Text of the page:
Stranded

Every October, those that control the faucet at the head of the Deschutes River at Wickiup Dam, turn things down to begin storing water for next years irrigation needs. The photo above shows the Upper Deschutes River about a half mile below the Wickup Dam – this photo can only be taken during the height of irigation release – in fact the low winter flows would prevent me from even floating this section in my drift boat. But graphs speak louder than words:

Bureau_of_Reclamation_PN_Region_Hydromet_Data.png

The green line above shows the recorded flows of the Deschutes below Wickiup dam for the “Water Year” of 2017. You can see that at the peak release, roughly around 1750cfs were being blasted down the Deschutes to fill water rights across the high desert of Central Oregon. Zooming in a bit on the current Water Year – this October – you can see the flows being reduced daily:

Bureau_of_Reclamation_PN_Region_Hydromet_Data 2.png

The final winter flow will end up being around 100CFS. Downstream from the dam a few tributaries add to this meager flow. Even with the help from the Little Deschutes, Fall, and Spring Rivers – this drastic reduction in flows results in a very bad situation for the health of the Deschutes.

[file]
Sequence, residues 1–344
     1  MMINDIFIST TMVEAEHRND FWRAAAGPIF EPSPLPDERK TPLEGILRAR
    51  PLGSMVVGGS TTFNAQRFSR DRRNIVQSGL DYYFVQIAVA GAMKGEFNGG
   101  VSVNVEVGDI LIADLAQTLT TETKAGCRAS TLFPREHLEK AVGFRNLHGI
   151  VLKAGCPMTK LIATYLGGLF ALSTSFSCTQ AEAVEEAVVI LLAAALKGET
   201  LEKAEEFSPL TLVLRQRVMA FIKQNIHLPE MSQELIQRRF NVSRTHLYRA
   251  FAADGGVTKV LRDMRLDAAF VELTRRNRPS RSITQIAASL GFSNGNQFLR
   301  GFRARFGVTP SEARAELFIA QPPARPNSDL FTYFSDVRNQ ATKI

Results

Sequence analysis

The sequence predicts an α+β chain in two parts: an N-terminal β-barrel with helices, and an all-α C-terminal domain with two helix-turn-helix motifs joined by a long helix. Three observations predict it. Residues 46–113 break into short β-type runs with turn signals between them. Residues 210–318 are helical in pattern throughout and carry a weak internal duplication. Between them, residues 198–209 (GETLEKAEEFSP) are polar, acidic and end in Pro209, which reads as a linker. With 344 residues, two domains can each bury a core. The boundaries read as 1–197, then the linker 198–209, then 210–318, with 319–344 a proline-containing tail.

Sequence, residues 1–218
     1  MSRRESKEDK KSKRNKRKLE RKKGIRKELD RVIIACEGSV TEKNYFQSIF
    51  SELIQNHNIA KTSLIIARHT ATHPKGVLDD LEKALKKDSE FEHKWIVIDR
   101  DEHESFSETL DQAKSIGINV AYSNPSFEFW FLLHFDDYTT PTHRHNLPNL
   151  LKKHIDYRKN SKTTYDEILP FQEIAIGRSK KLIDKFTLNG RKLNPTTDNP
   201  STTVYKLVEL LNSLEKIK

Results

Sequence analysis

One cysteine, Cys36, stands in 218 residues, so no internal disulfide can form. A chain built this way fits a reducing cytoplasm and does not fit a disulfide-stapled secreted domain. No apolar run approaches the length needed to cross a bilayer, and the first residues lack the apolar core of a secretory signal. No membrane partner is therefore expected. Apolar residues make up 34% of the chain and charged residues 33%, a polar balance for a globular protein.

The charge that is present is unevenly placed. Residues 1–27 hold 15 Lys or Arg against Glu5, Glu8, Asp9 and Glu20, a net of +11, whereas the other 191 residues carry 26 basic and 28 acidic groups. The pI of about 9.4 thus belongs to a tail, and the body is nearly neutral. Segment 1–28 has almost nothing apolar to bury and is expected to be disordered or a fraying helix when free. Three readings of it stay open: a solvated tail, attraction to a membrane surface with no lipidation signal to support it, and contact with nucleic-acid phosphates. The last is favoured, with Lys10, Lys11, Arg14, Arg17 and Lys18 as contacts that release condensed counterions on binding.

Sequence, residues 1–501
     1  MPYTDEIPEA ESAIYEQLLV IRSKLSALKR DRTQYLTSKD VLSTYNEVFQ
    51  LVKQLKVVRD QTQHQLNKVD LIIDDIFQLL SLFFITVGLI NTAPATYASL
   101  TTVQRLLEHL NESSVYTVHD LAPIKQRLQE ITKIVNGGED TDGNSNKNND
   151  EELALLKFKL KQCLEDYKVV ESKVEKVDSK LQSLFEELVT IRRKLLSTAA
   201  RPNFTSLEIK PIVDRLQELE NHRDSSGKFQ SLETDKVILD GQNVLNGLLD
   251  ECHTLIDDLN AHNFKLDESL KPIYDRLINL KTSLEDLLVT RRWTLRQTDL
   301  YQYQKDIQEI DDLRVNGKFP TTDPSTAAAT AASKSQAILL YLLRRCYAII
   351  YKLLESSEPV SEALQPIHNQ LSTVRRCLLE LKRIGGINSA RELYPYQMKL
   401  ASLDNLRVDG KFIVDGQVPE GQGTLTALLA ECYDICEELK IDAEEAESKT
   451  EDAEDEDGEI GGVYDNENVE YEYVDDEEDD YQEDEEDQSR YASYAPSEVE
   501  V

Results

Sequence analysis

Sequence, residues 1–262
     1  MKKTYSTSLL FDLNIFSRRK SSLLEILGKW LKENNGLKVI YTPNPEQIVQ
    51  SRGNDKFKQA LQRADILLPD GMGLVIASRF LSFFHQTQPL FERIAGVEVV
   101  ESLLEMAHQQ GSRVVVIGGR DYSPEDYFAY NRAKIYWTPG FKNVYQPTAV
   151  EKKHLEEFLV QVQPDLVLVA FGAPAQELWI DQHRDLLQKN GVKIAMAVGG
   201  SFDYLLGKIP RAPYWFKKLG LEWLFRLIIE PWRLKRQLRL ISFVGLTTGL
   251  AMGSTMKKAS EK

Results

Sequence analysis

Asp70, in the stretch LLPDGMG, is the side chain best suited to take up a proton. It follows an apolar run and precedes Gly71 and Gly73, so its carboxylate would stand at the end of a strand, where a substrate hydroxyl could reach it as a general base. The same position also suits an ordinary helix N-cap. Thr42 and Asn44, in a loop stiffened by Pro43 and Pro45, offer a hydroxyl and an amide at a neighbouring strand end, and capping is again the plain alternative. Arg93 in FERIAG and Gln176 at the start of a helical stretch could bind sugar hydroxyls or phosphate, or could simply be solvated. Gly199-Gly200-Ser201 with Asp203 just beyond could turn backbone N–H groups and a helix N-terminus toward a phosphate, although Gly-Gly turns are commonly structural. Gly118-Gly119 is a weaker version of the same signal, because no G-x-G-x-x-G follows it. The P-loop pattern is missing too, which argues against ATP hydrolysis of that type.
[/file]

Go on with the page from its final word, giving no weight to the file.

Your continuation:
The Coalition for the Deschutes – a local non-profit that I serve on the board for – is working with local stakeholders to try and get more water back in the river year-round, but this is a lengthy process. What the above charts mean, right now, is that fish will be stranded in a few days as side-channels created by the high irrigation levels are cut-off from the main stem of the river.

Each year thousands of fish are stranded, and many die off as the winter flows cut them off from the life blood of the main river. Stream banks are exposed. Habitat is destroyed. Fragile riparian habitat is dried up. It is a sad state.

But, each fall a group of volunteers comes together to help the stranded fish. An impromptu bucket-brigade is formed that gathers fish that have been electro-shocked from the side-channels, and walks them back to the main-stem of the river. Not all survive, but over the past few years thousands of fish have been saved:

If you are in Bend, and would like to participate, please reach out and get involved. Or better yet, if you love the Deschutes, please follow the efforts of the Coalition for the Deschutes, and help us work to find a permanent solution to this ongoing problem.

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About Timmy Crawford

I reside in lovely Bend, Oregon with my wife and two girls, and of course the requisite two mutts. By day I am an Automattician, and by night and on the weekends... I keep it real.